Tuesday, November 18, 2009
Co-Chairs: Joe Hackney, Speaker of the House of Representative
Marc Basnight, President Pro Tempore of the Senate
Speaker Hackney –Presiding
National Conference of State Legislatures Report on Fiscal Condition of States
Corina Eckl, Group Director, NCSL Fiscal Affairs Program presented on the other states dire fiscal situation. To date, states have reported a total estimated budget gap of $386.8 billion (FY 2008-through FY 2012). There were 31 states that already know they will have a budget gap for 2010 and 17 states will declare a deficit for 2011 of 10 percent and above. Florida reports that annual revenues today compared to 2001 and are not expected to return to peak levels until 2013. Colorado reports that annual revenues today are similar to amounts collected in 2005, while the general funds revenues in Kansas are coming in at 2006 levels. During the 2001 recession the 2003-2004 years were the most challenging, financially. Therefore the prediction is that 2011-2012 will still have similar budget challenges for all states, as the federal ARRA funds are no longer available to the states to help fill the budget gap. Several U.S. maps were provided showing the percentages of the various actions developed by states to address their upcoming budget shortfalls. Twenty-two states indicated they raised taxes to meet budget shortfalls (NC increased them 21.6 percent). Results from the NCSL survey indicate the projected budget shortfall to be $145.3 billion in 2010, $65.1 in 2011 and $46.9 billion in 2012. The States are facing a “cliff” once the ARRA funding ends in 2010. They will continue to face budgetary problems at least 12 months after the US recession ends and they are actually bracing for prolonged fiscal problems across the country.
General Fund Revenue Outlook: FY 2009-2010 Dr. Barry Boardman, Economist Fiscal Research Division followed with more bleak forecasts regarding a budget shortfall for NC. The State’s collections are $95 million below the $5.9 billion targets for the first four months of the fiscal year. The baseline sales tax growth is down 11.7 percent vs. a 2.7 percent decline last year, withholdings continue to erode and are 3.5 percent below last year and employment continues to lag. In addition, sales tax collections continue to perform very poorly, the 1-cent increase (added in this year) adds pressure to getting the sales tax to rebound even with the budget forecast that included a 4 percent decline. Personal Income Tax withholdings are also down 3.5 percent and the changing economy will continue to impact the more volatile taxes in the second part of the fiscal year. In order to meet the forecast, employment losses must decline and business hiring must pick up, wages and salary incomes will need to show improvements by last quarter and consumer spending will have to rebound by early 2010. The extension and expansion of the home buyer’s tax credit appears to be improving the housing market. While most economists agree the recession has ended, they caution that a very slow recovery is underway. For North Carolina the intensity of the recession appears to be easing but a full recovery is probably several years away.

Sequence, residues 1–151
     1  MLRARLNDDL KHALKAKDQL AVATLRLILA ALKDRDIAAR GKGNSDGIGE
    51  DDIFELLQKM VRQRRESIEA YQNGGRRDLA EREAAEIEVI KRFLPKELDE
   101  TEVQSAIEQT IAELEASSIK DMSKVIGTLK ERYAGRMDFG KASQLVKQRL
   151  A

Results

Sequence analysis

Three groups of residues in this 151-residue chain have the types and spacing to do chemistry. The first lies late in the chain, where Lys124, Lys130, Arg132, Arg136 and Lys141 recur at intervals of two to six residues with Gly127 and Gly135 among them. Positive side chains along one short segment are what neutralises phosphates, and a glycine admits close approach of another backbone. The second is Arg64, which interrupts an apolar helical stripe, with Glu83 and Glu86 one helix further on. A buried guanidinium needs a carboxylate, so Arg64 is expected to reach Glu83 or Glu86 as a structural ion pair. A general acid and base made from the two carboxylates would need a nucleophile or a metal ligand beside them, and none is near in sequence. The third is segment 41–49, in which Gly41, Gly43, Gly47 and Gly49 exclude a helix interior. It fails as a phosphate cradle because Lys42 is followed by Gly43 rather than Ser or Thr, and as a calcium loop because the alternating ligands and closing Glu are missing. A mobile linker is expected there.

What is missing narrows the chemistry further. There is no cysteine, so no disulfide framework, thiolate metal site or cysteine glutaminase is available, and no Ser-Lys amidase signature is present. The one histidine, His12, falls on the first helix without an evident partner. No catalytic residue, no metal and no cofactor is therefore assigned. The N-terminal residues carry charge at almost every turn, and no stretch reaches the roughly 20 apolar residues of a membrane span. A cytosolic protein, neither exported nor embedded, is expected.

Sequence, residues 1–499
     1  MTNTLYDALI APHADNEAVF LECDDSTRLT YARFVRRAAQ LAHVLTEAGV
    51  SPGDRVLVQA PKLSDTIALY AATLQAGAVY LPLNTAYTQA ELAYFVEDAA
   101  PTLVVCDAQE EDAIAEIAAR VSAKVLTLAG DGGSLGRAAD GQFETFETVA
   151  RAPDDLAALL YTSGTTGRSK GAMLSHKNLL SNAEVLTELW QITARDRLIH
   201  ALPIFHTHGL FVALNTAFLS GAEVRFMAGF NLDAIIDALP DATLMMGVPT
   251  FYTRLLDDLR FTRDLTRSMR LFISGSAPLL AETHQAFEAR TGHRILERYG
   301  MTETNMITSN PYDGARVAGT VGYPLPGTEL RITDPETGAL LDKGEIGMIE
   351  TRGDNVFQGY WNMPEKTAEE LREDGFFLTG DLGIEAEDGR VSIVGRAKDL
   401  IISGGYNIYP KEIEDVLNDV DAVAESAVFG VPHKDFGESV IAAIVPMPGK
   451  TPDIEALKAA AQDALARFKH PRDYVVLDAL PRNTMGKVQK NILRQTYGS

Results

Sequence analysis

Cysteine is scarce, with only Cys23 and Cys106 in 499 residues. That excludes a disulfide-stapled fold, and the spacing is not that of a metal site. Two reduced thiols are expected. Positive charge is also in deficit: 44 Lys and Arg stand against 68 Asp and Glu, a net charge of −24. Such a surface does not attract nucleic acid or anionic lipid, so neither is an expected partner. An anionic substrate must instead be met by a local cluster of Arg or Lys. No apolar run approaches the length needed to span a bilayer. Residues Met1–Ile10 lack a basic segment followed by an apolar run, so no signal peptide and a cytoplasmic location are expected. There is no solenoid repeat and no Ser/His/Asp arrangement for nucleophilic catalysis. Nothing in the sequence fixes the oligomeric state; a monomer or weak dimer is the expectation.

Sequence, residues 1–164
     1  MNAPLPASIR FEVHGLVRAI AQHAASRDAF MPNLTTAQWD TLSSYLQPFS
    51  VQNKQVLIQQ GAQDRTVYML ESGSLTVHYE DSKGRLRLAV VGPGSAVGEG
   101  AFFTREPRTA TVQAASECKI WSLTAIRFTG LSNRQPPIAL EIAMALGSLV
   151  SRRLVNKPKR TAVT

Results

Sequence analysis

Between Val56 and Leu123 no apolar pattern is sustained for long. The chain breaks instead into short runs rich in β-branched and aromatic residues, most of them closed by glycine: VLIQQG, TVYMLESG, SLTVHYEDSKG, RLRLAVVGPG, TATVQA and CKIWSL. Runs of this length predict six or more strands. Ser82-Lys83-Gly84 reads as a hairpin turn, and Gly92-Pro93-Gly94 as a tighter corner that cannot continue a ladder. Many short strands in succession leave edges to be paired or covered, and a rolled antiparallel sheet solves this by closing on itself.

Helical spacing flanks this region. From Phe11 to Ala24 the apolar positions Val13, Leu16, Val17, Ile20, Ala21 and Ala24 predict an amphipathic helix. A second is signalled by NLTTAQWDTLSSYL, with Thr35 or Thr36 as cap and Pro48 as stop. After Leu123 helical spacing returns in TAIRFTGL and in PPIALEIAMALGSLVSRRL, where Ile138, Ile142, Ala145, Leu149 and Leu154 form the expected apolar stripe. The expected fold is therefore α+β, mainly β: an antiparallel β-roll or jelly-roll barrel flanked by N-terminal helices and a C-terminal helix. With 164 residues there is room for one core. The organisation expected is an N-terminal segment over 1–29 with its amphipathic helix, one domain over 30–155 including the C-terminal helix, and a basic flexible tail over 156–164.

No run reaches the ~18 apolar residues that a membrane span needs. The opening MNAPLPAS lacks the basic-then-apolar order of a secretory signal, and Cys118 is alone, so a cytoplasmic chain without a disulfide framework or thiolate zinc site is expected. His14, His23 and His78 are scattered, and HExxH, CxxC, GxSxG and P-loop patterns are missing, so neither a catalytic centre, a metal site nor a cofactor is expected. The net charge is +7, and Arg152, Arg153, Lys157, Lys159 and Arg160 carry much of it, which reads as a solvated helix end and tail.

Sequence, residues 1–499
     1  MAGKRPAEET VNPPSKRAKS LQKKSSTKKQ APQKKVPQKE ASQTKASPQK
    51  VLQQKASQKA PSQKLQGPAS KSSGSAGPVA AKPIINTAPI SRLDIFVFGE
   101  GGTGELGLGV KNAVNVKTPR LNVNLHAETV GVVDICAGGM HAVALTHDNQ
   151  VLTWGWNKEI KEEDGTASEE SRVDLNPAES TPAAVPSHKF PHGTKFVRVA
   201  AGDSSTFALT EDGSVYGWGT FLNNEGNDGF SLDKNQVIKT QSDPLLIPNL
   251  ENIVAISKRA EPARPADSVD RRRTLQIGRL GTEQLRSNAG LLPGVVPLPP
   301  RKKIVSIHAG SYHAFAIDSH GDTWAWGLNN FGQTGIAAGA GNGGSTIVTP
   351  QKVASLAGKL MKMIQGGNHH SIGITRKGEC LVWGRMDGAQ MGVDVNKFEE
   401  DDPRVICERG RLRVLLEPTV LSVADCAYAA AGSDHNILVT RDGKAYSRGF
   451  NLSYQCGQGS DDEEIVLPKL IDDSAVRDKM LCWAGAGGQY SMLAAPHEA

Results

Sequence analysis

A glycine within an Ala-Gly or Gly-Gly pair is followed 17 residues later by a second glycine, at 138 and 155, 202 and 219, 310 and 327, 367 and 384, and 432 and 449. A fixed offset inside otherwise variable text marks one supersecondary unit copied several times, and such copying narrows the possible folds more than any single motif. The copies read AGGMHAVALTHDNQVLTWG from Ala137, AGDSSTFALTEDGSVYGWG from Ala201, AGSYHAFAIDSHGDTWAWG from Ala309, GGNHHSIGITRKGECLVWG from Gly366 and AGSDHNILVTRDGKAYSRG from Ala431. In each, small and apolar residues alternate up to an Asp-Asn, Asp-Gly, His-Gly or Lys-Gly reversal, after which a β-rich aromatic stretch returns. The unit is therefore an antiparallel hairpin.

Budget Management Activities for FY 2009-10 (G.S.143C-6.2) Charles Perusse, Director, Office of State Budget and Management discussed the Governor’s actions on August 14, 2009 only 10 days from the General Assembly adjourning to require funds be held by various areas in state government. These include DPI, Community Colleges, Universities, Justice and Public Safety, General Government/NER and Debt Services. When asked if the Governor had declared an emergency the members were told no, that she simply modified an earlier order to the state agencies on holding back funds. If she had declared an emergency it would have given her extensive authority to change the new budget just approved by the General Assembly. There appeared to be a great deal of concern with members of the House on what authority the Governor had to supercede the legislature’s budget and cut various agencies and not others and by differing percentages. Representative Stam referenced the Constitution as did Mr. Perusse on who was held harmless (Public schools) and who was not (DPI). Mr. Perusse struggled to answer the series of questions including those by Speaker Hackney and finally Senator Nesbitt referenced the General Statue 143C section 6-2(a) and the language that as he read it appeared to provide her with all the authority she needed to make cuts of any percentage to the state budget. It was an interesting and sometimes testy exchange with members and the Governor’s person in charge of the Office of State Budget and Management, Mr. Perusse. Rep. Rapp asked what the Governor’s plan is to address the $95 million shortfall if it continues through the year or gets worse. Mr. Perusse told the members they plan to review the second quarter numbers in January, since there are other key collections at the end of the calendar year and determine what they believe the extent of the shortfall will be by June 30, 2010. They hope it doesn’t get any deeper and that the $468.7 million they have held back from the state agencies will cover the deficit that accrues. They also have $150 Million in the Rainy Day Fund, if needed. Stay Tuned for January.